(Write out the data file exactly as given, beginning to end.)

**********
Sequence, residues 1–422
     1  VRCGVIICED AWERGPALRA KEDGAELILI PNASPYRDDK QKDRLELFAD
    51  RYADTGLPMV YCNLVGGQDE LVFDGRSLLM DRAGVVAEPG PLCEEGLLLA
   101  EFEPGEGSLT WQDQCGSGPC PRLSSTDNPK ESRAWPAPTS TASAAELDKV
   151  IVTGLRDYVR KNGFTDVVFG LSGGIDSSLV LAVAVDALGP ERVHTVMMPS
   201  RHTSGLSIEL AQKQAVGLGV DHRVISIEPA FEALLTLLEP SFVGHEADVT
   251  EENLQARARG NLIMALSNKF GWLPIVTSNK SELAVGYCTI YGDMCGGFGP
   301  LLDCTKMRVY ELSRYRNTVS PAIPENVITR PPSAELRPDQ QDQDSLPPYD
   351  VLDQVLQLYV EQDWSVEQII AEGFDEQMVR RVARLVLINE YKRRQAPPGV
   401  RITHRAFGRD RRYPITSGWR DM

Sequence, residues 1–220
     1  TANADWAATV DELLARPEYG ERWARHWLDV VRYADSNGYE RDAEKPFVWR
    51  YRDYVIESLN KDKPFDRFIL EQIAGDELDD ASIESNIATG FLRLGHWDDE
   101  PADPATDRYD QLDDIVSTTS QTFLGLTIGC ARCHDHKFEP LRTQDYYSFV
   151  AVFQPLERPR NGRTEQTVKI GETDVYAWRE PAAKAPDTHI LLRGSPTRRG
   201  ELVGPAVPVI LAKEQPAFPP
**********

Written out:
Sequence, residues 1–422
     1  VRCGVIICED AWERGPALRA KEDGAELILI PNASPYRDDK QKDRLELFAD
    51  RYADTGLPMV YCNLVGGQDE LVFDGRSLLM DRAGVVAEPG PLCEEGLLLA
   101  EFEPGEGSLT WQDQCGSGPC PRLSSTDNPK ESRAWPAPTS TASAAELDKV
   151  IVTGLRDYVR KNGFTDVVFG LSGGIDSSLV LAVAVDALGP ERVHTVMMPS
   201  RHTSGLSIEL AQKQAVGLGV DHRVISIEPA FEALLTLLEP SFVGHEADVT
   251  EENLQARARG NLIMALSNKF GWLPIVTSNK SELAVGYCTI YGDMCGGFGP
   301  LLDCTKMRVY ELSRYRNTVS PAIPENVITR PPSAELRPDQ QDQDSLPPYD
   351  VLDQVLQLYV EQDWSVEQII AEGFDEQMVR RVARLVLINE YKRRQAPPGV
   401  RITHRAFGRD RRYPITSGWR DM

Sequence, residues 1–220
     1  TANADWAATV DELLARPEYG ERWARHWLDV VRYADSNGYE RDAEKPFVWR
    51  YRDYVIESLN KDKPFDRFIL EQIAGDELDD ASIESNIATG FLRLGHWDDE
   101  PADPATDRYD QLDDIVSTTS QTFLGLTIGC ARCHDHKFEP LRTQDYYSFV
   151  AVFQPLERPR NGRTEQTVKI GETDVYAWRE PAAKAPDTHI LLRGSPTRRG
   201  ELVGPAVPVI LAKEQPAFPP